“Everyone has a beast living inside them, it’s a matter of when it reveals itself”
Hello everyone! I hope everyone’s been staying safe amidst the coronavirus outbreak, and are taking the necessary measures to stay healthy. With the ongoing pandemic, movies that were set to release in February and March are still at a state of unknown release, and so there aren’t any new movies to review. Thus, this week, I’ve got another written review of a film I watched last year, but haven’t had the chance to get a review out for: <The Beast>.
Based on the French film <36 Quai Des Orfevres> directed by Oliver Marchai, <The Beast> is a Korean remake that was released on June 26th of 2019. Starring Lee Sung-Min, You Jae-Myeong, Jun Hye-Jin, and Daniel Choi, <The Beast> is a crime/thriller directed by Lee Jung-Ho. The film revolves around the two sides of two different cops. The synopsis is as below.
The synopsis is as follows:
A murder case that shook the nation of Korea occurs, and the ace detective, Han-Su, who does whatever necessary to catch the criminal, and his junior detective, Jong-Chan, begin to investigate the case. In the midst of the ongoing investigation, the drug-broker, Chun-Bae, gives Han-Su a definitive clue involving the murder case, in return for covering her relation to the murder. Han-Su’s rival cop, Min-Tae, smells something fishy, and the investigation starts to take a wrong turn.
Source: EonTalk YouTube Channel
One great thing about <The Beast> was the acting by the main leads, Lee Sung-Min and You Jae-Myeong. If you’ve seen my other reviews of films with Lee Sung-Min in it, you know I always praise him for being such a dynamic actor. He’s able to play such a wide range of characters, whether it be in serious roles, such as <The Man Standing Next> and <The Spy Gone North>, or comedies such as <Mr. Zoo: The Missing VIP>, he’s a well-established actor that can execute whatever role he’s given. And he’s great in <The Beast> as well. Lee Sung-Min just has a way of attracting the audience’s attention, and retaining it.
Furthermore, his rival in the film, You Jae-Myeong, did a wondrous job as well. You Jae-Myeong usually plays a more smaller role, and is in more K-dramas than movies. However, one can’t deny his talent. I mentioned that Lee Sung-Min is able to play a very wide range of different characters, but this is also the case for You Jae-Myeong as well. Take for example his roles in <Fengshui>, a Korean historical drama, <Reply 1988>, a K-drama set in the year of 1988, and more recently, <Itaewon Class>, where he plays the president of a major conglomerate. Whether the setting is in historical Korea, the 80s, or present-day, a younger or older role, he’s able to kill it. In <The Beast>, his chemistry with Lee Sung-Min really shined, and the performances by the two were what made the movie enjoyable.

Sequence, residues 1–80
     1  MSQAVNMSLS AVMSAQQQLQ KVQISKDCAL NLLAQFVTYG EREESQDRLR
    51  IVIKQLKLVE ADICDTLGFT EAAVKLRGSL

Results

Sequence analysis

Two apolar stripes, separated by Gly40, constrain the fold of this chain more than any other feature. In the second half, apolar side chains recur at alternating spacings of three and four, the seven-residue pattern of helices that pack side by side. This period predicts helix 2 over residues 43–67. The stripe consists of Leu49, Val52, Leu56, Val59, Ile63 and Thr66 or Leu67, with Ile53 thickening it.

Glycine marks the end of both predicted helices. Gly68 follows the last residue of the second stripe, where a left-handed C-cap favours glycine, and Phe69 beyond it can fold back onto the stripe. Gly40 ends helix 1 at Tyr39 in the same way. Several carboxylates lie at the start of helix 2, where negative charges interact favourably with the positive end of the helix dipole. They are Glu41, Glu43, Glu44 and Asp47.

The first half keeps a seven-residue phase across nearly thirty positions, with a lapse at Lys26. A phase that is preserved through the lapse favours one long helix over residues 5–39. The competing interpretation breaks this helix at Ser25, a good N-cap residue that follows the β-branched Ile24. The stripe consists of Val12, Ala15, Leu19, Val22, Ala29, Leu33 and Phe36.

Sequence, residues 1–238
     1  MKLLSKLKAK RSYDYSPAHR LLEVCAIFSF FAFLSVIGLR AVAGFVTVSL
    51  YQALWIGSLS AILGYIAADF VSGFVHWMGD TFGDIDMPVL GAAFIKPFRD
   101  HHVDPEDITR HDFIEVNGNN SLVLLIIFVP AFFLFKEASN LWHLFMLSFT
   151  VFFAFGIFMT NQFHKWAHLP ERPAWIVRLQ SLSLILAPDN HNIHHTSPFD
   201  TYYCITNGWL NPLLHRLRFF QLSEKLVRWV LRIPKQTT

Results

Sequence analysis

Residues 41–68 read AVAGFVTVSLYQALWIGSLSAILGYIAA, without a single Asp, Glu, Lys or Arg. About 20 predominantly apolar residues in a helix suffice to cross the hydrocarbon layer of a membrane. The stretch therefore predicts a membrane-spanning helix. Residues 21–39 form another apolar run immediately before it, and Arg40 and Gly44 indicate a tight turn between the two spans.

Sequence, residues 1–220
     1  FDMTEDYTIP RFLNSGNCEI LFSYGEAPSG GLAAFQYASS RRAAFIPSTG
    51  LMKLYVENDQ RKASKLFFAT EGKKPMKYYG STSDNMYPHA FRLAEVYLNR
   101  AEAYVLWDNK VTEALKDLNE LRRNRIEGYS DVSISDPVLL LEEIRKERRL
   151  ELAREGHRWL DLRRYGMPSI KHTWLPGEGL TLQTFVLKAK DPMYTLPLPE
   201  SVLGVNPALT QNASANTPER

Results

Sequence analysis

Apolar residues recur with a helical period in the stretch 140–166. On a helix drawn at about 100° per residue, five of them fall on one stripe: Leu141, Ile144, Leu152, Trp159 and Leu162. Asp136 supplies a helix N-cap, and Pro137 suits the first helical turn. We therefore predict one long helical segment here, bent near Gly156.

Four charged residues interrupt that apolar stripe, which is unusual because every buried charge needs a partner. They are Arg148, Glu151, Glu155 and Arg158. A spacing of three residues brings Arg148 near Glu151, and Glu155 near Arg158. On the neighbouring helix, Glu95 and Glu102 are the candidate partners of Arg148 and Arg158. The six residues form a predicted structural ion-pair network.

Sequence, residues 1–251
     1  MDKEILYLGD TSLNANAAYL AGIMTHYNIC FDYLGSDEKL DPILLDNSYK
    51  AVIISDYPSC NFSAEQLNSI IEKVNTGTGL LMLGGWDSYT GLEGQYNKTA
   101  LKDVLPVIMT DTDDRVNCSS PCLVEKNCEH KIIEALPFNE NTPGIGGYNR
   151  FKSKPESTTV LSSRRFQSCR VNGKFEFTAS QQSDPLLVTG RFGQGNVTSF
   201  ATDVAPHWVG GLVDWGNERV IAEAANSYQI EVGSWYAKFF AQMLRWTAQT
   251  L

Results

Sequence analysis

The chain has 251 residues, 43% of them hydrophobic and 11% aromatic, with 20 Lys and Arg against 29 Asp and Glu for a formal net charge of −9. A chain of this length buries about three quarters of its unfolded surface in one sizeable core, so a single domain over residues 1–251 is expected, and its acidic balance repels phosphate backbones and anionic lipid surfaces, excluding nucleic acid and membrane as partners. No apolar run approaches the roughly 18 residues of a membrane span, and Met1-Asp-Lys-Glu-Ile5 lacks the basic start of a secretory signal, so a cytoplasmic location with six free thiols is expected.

Moreover, the movie gets pretty tense and suspenseful as it progresses. Because the movie is a thriller, this may seem obvious; however, too many times of recency do we see “thrillers” that end up not having any “thrill,” or very minimum amount of it (coughcough* <Beast Clawing at Straws>). Is it the best thriller of 2019? No. But it did get some things down right.
The biggest complaint I have about <The Beast> was it’s story progression. I was expecting something along the lines of <Dark Figure of Crime> when I went into the film, as the two had similar vibes when watching the trailers. However, the movie felt all over the place and very unorganized. There were so many different things going on and many layers intertwined. That’s fine, if it can end strongly and bring everything together in its concluding scenes. However, it failed to do so, in my opinion.
Also, I mentioned in the “Good” part that the acting performances by the two main leads, Lee Sung-Min and You Jae-Myeong, were great, but other than these two, I can’t say the acting by the others were anything more than “okay.” Take for example Jun Hye-Jin; her character of the drug-broker was something very new that we hadn’t seen her play before. However, new isn’t always good, as I felt like there was just something awkward to her performance.
And one last minor negative was the musical scores. The music didn’t match the mood at times, and took away from the film.
<The Beast> was a movie of the crime/thriller genre that Korean cinema does so well. And maybe because we’ve got so many other great films of the same genre to compare to, but I didn’t think this movie sufficiently satisfied my K-thriller expectation. The movie wasn’t bad, but I can’t say it was great either. It’s definitely enjoyable and has scenes of good suspense and thrill, but it’s also definitely not on the same scale as some of the great Korean crime-thrillers, such as <I Saw the Devil> or <Memories of Murder>. If you’d like to see some amazing Korean thrillers, I’d suggest you check out my video of “Top Korean Thrillers” on the EonTalk YouTube channel.
Ticket Price Value: $8
(Ticket Price Value is the price I would pay to watch the film again for the first time)
What were your thoughts on the movie? Do you agree or disagree with my review? What would your ‘Ticket Price Value’ be? Leave a comment down below!
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Please keep in mind this review is composed of solely my own opinions, and should be taken with a grain of salt. I am in no way a professional writer, nor have I majored or studied journalism. This is for informative entertainment purpose only, representing my personal views. I do not own the images and/or videos used in the review. No copyright infringement intended.